History of Sivas, cradle of the Anatolian civilization

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Sivas represents one of the cradles for the Anatolian civilization and this as many for the Hittites as for modern Turkey, which held one of its most important congresses ever here.

The words of Ibn Battuta

“The next stop was therefore the largest city of the king of Iraq in the region, Sivas, the residence of emirs and officials. Well built and with wide streets, it is home to markets that swarm with people and there is also a similar building. to a madrasa, the so-called Dar al-Siyada, reserved to house the sharif. “


The earliest remains around the city of Sivas date back even between 8000 and 5500 BC, however, starting from 2000 BC, it will be the Hittite civilization to establish itself first on these places, as evidenced by the numerous mounds that populate the area between this city and the east coast of Black Sea, connected through the Geminbeli pass; this cultural proximity between the two places can also be seen in the traditional music and dances which, although different, have several important similarities in common. With the collapse of the Hittites, this area passed first to the Cimmerians, then to the Scythians, the Medes, the Persians, Alexander the Great and finally to the Roman Empire, which will dominate it, with a brief Parthian and Sassanid parenthesis, until 1059, the year of the arrival of the Turks in this area, which, however, will become definitively Turkish only after the Battle of Manzinkert in 1071. After a brief passage to the Danishmendids, it became an integral and fundamental part of the Seljuk dominion in Anatolia, also managing to emerge as an important center on the Silk Road, so much so as to contend with Konya for the role of capital. With their fall, I passed first to the Ilkhanids, then to the Eretnids and finally to the Ottomans, who definitively obtained control over them in 1408.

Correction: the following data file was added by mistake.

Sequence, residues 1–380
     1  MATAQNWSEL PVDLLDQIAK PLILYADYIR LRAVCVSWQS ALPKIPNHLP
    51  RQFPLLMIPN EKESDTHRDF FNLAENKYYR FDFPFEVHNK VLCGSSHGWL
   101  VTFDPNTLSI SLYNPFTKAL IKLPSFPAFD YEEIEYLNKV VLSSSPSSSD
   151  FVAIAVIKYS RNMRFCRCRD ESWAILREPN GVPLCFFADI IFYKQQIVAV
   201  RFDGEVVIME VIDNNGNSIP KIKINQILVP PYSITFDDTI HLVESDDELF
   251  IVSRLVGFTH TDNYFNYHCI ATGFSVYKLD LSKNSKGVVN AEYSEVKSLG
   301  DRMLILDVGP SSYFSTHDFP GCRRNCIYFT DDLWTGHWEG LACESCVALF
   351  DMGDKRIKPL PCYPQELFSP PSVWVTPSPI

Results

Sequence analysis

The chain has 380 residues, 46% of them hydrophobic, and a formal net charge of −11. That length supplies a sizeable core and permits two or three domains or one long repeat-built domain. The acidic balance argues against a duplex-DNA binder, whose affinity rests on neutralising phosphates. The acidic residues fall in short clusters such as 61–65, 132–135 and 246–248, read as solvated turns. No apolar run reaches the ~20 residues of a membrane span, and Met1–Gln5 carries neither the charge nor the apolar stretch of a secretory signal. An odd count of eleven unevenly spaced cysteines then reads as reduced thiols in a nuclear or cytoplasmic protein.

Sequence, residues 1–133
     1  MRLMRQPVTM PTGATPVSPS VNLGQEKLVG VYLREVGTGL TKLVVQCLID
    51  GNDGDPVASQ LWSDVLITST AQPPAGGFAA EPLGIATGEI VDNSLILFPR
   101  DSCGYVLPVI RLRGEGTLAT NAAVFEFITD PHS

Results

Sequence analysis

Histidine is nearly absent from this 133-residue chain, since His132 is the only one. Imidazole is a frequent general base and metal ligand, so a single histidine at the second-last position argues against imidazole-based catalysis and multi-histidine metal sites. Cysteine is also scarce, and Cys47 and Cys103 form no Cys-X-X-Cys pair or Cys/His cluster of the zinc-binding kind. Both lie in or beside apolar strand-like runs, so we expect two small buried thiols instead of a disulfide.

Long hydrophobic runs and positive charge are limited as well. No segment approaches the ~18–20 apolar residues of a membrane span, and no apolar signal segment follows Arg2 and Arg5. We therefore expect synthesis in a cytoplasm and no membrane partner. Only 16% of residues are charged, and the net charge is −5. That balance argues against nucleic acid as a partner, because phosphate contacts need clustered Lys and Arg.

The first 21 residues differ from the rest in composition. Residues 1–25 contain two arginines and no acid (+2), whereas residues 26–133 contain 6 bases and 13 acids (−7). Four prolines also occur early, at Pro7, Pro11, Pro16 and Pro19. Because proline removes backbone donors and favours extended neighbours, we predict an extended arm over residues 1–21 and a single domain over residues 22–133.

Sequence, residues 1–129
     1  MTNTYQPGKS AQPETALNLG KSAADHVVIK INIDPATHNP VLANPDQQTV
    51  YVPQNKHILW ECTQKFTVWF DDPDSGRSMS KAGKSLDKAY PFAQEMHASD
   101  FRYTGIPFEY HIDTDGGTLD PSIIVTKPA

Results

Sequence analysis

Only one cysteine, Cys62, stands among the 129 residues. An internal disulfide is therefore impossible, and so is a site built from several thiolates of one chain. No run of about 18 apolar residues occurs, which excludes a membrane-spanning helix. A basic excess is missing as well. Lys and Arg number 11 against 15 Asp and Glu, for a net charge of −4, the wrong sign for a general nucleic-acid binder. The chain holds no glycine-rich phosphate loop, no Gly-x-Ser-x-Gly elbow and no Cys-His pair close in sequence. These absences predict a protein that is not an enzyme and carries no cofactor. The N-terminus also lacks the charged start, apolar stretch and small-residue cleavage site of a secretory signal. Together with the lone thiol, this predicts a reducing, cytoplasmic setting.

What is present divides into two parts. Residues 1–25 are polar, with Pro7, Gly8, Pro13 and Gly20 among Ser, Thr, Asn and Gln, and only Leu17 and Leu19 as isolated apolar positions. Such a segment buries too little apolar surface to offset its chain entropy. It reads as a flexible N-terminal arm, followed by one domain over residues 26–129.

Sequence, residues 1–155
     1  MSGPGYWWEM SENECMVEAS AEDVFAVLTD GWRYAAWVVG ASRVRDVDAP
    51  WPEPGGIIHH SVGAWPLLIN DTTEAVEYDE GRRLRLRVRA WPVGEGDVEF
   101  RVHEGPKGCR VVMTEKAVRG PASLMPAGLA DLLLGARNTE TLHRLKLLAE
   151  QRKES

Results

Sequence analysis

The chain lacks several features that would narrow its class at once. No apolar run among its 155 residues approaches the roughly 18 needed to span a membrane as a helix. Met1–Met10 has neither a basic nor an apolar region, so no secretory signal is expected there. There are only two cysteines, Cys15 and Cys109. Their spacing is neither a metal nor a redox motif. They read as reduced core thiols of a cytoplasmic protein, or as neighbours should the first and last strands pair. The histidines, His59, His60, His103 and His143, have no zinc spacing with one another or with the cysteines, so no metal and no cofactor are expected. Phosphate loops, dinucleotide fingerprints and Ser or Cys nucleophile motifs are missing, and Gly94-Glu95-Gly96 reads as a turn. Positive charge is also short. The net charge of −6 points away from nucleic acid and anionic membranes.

Although gradually losing its importance, under the Sublime Porte it revealed itself to be an administrative center of great fame, so much so that it became the capital of the Eyalet of Rum and spent several centuries in almost total serenity; the only great and indelible blemish will be the genocide of the Armenians, who, given the large Christian community historically present in the city, sadly saw it as the protagonist. In 1919 the Sivas Congress will take place here, considered one of the key moments for the national liberation process, so much so that the building where the latter took place has now become a museum. In 1993 the city was the protagonist of the “Sivas Massacre”, during which 37 Alevis who came to the city to celebrate the feast of Pir Sultan Abdal, a very important figure for this cult, lost their lives.

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